American Football brings Israelis and Palestinians together

JERUSALEM (AP) — It’s early in a scoreless Israel Bowl and a crowd that includes armed soldiers, ultra-Orthodox Jews and skullcapped settlers waving Israeli flags erupts in celebration after Palestinian linebacker Ayoub Elayyan intercepts a pass.

His Gush Texas Judean Rebel teammates quickly convert the turnover into a touchdown and never look back, racing to a 32-30 victory in the title game of the Israel Football League.

A week after five members of a Jewish West Bank settler family were killed in a knife attack, Jerusalem’s Kraft Field is likely the only place in the Holy Land you’ll find Palestinians and settlers embracing.

But that’s what happened after Elayyan and his two brothers helped a team of mostly Jewish settlers win the championship of Israel’s amateur American football league. As the team’s diverse fan base stormed the field, an offensive lineman with sidelocks and a skullcap typical of strictly observant Jews bearhugged Ayoub’s older brother Musa, a 21-year-old defensive lineman from the West Bank city of Ramallah

“We play as a team and leave our personal stuff on the side. If they can do it, I can too,” said Musa Elayyan, called “Moose” by his teammates. “Once you’ve played together you create a bond, especially on a successful team.”

Steve Leibowitz, the founder of the 4-year-old league, calls the concept “peace under the helmet.” He says the Middle Eastern mindset lends itself well to the game, with players drawn to both its physical and strategic nature.

“We are the only Israeli league of any kind that has any Palestinian players and I’m proud of that fact,” he said. “We were concerned about the politics, but it just hasn’t been an issue.”

Some of the initial concerns were specifically about the Rebels. They chose orange as their team color, adopting a symbol of the Jewish settlers in Gaza who were removed in 2005, and posted political statements on their website.

But after the coach kicked out a few players who had reservations about playing with Palestinians, Elayyan said the team quickly jelled, capturing the crown of the eight-team league in only its second year. He now considers his teammates to be among his best friends.

“A lot of their views changed after we joined,” said Elayyan, who played high school football in Colorado Springs, Colo. “You can never fully drop the politics, but the football field is a haven.”

Itay Ashkenazi agrees. The quarterback of the Jerusalem Lions is one of the league’s elite players. The 31-year-old son of Israel’s recently retired military chief, Lt. Gen. Gabi Ashkenazi, compared the gridiron camaraderie to that of his military combat experience.

“The essence of the game brings players together in such a close and intimate nature that you can’t help but rely on each other,” Ashkenazi said. “Football is a terrific tool of creating a bridge, creating a dialogue between people. … This connection creates a fraternity of warriors.”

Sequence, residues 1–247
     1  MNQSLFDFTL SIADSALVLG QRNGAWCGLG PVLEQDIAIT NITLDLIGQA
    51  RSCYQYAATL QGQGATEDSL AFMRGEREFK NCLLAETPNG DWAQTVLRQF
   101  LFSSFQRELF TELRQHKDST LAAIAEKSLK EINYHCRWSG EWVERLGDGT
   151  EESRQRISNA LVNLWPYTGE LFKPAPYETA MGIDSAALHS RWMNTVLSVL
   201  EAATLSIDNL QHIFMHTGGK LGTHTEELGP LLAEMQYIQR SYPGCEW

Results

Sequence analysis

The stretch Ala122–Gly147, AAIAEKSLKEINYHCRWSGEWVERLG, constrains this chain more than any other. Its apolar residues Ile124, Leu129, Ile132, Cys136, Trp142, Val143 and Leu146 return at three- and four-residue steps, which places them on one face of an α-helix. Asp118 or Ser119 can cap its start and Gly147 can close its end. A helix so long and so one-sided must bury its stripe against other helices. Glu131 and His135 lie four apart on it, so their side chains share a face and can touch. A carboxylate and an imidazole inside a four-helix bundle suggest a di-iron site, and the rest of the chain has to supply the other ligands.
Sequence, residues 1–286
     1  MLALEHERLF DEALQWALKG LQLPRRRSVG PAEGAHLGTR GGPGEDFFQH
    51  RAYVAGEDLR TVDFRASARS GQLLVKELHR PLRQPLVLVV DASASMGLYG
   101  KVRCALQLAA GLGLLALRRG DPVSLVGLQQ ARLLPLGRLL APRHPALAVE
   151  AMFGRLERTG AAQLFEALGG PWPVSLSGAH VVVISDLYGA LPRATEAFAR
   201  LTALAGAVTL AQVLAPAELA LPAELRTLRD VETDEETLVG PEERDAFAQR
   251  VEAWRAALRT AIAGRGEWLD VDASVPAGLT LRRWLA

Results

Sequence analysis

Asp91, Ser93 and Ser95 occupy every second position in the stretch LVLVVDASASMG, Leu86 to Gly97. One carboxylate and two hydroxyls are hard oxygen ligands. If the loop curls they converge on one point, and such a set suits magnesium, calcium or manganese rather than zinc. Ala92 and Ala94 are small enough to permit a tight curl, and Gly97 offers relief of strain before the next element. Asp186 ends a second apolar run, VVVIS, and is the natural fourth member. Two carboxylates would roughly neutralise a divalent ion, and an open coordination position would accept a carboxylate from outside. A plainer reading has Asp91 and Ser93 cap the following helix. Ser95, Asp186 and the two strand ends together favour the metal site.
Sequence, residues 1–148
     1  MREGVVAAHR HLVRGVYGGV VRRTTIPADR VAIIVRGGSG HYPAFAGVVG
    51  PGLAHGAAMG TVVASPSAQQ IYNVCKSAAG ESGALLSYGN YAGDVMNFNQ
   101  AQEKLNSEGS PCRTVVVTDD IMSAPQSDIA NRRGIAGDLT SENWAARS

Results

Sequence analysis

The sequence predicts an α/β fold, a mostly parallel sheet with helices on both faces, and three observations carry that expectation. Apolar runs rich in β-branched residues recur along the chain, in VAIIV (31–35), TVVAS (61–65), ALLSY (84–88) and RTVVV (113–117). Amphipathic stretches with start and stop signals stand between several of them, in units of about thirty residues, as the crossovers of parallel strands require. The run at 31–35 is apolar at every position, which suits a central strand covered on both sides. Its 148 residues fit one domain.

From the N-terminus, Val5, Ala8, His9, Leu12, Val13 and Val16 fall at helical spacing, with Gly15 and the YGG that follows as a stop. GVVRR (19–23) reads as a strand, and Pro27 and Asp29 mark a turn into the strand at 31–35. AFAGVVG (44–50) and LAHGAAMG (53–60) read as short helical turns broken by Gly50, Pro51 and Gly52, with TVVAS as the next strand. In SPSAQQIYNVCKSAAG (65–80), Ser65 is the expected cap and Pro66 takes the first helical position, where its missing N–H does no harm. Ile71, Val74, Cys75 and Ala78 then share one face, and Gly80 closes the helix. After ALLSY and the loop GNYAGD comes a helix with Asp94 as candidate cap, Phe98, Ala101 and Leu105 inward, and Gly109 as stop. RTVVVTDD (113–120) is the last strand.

American football is still an afterthought on the Israeli sports scene, but it has gained ground in recent years thanks to live NFL TV broadcasts and the expansion of the IFL.

This year’s Israel Bowl attracted over 1,000 fans and was broadcast live on the Israel’s sports channel. The game was played at Kraft Stadium, named for New England Patriots owner Robert Kraft, who donates $70,000 a year to the league.

“Our family is about building bridges between people of different backgrounds. I’ve always been confused why religion has caused such strife among people,” Kraft said. “To me, it’s just different paths to the same end place.”

The artificial turf includes a Patriots logo at midfield and Patriots memorabilia in the offices. Tom Brady and other Patriots stars have visited in recent years.

“For me, the biggest turn-on is to see Palestinians and Jewish people playing the game together and being on the same team,” Kraft said. “… You solve problems by creating jobs for people and by getting people to interact with one another and know each other as human beings and so that’s the turn-on for me here.”

Kraft cited his experience after New England won its first Super Bowl in 2002 as an example.

“Boston is a city of 600,000 people and we had a million and a half people come together in the streets of Boston — black, white, Catholic, Jew, Muslim, Buddhist, gay, lesbian, straight, fat, thin, tall, short, money manager, factory worker — and they are all for the same cause,” he said. “And so I think it’s wonderful that in this game we’re able to have people of different backgrounds playing.”

Unlike their counterparts at Gillette Stadium, the fans in Jerusalem are known to pull out a shofar and blow the ram’s horn to spur on their team. At the Israel Bowl, children wore costumes and wigs in celebration of the Jewish festival of Purim.

The level of play still resembles that in an American high school game, but some 1,500 players playing on 90 youth and flag football teams offers hopes for improvement.

While the champion Rebels are of mostly American stock, the language in the huddle of the runner-up Tel Aviv-Jaffa Sabres is Hebrew. It also is a mixed Israeli-Arab team and its captain is an Israeli Arab from Jaffa.

Bishara Zakak, a 26-year-old former Sabre tight end cheering in Arabic from the sideline, said the team is proof that Jews and Arabs can coexist.

“In sports, you need discipline, you need to learn how to restrain yourself. Anyone can go tackle someone, but a good player knows how to tackle smart,” he said. “Banging heads in not always the right thing to do. You have to think about the team and not just about yourself.”